We couldn't help but admire the decor for a moment before ordering.  Highlights included a massive freshwater fish tank that spanned the majority of a wall.  The colorful carp were enormous and entirely aggressive; thus, we watched large alpha-fish gobbling down their smaller tank mates.  I wasn't aware that goldfish were such voracious carnivores.

This old, dusty, moth-eaten water buffalo had a quiet charisma and turned out to be quite photogenic.  Between the fish tank, the proud ruminant, and numerous paintings of pagodas, Pho Hoa imbues a very East meets Wild West feel.  Sort of like that hackneyed film starring Jackie Chan and Owen Wilson's nose that mysteriously captivated worldwide audiences.

The first offering that sets this spot apart from the crowd is the fried breads, bananas, and mountain of greens that greets you upon sitting down.  Each table comes with stacks of thin, fried bread and some soft, flaky rolls which can be used to sop up the remaining broth from your meal.

There are massive offerings of artfully stacked limes and chili peppers.

Also, there is a verdant hill in the middle of each table with your greens: lemon grass, mint and basil.

I ordered Pho Bo Nam (well-done flank) and was surprised by the mass of meat and rice noodles delivered to me.  Generally, meat portions are kept conservative in Vietnam, but this isn't your average soup joint.

Per norm, I doctored my bowl up with boiled bean sprouts, greens, chili sauce, lime and hot peppers.  I grabbed the requisite utensils and commenced the feed.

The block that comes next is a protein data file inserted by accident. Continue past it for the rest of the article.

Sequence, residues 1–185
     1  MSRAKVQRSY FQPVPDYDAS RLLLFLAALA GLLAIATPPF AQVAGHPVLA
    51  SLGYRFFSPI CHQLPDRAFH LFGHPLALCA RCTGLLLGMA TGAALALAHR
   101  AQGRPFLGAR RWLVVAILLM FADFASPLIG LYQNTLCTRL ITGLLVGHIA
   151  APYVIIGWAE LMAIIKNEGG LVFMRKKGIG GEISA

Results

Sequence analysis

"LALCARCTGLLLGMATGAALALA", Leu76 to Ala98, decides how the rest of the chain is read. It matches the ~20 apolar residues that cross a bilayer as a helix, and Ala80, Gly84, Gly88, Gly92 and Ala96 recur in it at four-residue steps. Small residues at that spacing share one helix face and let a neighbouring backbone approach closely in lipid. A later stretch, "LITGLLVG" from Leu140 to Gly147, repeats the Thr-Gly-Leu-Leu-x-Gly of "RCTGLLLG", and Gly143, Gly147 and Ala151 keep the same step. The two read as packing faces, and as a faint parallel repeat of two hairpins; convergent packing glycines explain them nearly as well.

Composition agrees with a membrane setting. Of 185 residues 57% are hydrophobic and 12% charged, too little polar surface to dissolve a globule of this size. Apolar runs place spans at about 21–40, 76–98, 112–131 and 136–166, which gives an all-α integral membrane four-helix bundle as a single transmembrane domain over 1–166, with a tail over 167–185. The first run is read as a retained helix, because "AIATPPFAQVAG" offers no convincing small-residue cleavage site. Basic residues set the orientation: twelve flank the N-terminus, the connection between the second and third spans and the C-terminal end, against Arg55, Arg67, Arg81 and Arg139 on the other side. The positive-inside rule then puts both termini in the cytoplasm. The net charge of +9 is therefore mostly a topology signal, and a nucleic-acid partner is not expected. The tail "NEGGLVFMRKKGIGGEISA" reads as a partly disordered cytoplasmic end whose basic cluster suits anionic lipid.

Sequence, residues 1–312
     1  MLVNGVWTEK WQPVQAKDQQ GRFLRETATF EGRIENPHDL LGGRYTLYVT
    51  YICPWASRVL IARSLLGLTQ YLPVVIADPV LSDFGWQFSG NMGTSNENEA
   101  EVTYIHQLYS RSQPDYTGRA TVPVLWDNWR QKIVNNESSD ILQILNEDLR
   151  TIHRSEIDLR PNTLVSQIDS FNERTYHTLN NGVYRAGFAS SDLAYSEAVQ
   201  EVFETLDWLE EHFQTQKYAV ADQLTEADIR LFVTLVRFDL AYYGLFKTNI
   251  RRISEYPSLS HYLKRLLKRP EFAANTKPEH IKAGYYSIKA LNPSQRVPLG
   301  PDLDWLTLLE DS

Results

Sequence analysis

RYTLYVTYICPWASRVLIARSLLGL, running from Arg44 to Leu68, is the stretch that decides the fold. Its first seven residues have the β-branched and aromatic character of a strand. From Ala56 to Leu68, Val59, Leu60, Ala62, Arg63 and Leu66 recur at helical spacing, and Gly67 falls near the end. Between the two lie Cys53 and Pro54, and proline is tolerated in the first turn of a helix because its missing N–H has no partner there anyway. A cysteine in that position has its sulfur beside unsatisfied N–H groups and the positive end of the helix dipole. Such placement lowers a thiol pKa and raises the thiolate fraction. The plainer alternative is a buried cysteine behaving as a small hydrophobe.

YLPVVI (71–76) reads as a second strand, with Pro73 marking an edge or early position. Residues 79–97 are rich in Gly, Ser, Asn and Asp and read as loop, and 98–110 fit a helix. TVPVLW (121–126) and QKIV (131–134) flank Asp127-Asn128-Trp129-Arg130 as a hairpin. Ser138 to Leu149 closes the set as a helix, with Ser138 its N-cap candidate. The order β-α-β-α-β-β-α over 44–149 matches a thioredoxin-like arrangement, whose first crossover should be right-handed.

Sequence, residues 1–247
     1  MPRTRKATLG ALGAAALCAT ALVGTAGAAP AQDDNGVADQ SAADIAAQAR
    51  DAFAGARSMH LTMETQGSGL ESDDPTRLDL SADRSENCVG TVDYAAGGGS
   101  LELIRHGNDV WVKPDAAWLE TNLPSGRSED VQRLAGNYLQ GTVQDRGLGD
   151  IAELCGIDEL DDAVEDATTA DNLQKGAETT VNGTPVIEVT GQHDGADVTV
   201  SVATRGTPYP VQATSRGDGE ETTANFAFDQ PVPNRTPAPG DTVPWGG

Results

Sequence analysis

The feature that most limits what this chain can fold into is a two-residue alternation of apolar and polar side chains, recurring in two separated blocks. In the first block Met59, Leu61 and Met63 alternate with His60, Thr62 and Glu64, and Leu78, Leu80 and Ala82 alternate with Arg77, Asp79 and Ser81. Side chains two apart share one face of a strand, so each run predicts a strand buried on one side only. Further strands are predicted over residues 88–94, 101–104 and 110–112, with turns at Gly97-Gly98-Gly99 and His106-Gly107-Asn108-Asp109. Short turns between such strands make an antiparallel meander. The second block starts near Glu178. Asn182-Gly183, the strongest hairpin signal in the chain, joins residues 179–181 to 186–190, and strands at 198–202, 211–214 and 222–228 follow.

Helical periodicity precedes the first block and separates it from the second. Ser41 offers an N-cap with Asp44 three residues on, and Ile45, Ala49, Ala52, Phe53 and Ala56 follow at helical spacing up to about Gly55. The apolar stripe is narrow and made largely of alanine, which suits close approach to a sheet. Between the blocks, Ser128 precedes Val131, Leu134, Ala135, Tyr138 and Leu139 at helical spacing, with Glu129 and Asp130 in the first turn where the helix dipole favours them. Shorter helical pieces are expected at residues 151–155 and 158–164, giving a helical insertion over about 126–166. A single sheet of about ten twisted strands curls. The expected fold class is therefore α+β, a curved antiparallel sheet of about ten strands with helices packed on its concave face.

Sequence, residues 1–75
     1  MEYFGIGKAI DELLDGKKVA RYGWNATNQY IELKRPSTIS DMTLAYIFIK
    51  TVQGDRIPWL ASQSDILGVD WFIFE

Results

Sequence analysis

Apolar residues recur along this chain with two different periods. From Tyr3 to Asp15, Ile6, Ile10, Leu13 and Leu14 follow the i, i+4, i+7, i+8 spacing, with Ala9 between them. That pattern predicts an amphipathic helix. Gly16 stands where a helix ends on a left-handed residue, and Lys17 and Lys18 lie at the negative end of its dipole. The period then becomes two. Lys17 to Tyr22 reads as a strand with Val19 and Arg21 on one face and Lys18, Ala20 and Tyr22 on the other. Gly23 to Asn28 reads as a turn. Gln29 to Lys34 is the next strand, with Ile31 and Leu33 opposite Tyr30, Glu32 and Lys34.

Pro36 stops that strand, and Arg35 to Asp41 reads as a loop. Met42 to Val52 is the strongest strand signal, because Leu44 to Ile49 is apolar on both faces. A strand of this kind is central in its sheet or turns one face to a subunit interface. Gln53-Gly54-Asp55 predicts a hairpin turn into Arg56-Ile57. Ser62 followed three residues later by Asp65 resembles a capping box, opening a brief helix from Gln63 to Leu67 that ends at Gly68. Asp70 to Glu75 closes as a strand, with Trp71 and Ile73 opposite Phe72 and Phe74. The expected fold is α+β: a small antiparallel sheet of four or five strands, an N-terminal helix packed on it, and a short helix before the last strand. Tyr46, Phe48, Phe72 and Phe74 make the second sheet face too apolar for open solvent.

I am not the biggest meat-eater of late, so it was arduous to gnaw through the thick slices of fatty flank.  Luckily, Gavin is an unabashed scavenger so waste was minimal.  The noodles were firm and abundant, but something in my broth flavor was missing.  Maybe it was just the massive tub-sized bowl that took too much of my energy to season properly.  We can chalk that one up to user error.  I know I will return, but next time I will opt for the vegetarian bowl.  Also, the bread was novel and tasty, but did it leave me too full? 

While I was impressed, I beg to differ about Pho Hoa's unofficial title.  Although I have yet to find the best Pho in Saigon, I'm still searching.  So, this fine eatery will kindly be remembered as "The Second Best Pho Restaurant in Saigon".

Tuesday, January 18, 2011

The Mosque

UPDATE (27/2/2012): Last time we checked, this place is still closed to the public...aarrgghh!

Living in Istanbul, the ever-present sight of lithe minarets piercing the gray sky was a constant reminder of the influence of religion on daily life.  While Saigon has numerous pagodas, Roman Catholic churches, temples, and various other houses of worship (check out the infinitely fascinating and strange brand of syncretism embodied by Caodaism), the topic of spirituality is rarely broached.  Apropos, we recently visited one of the few local mosques not to worship, but to rejoice and bathe ourselves in the mystical powers of curry.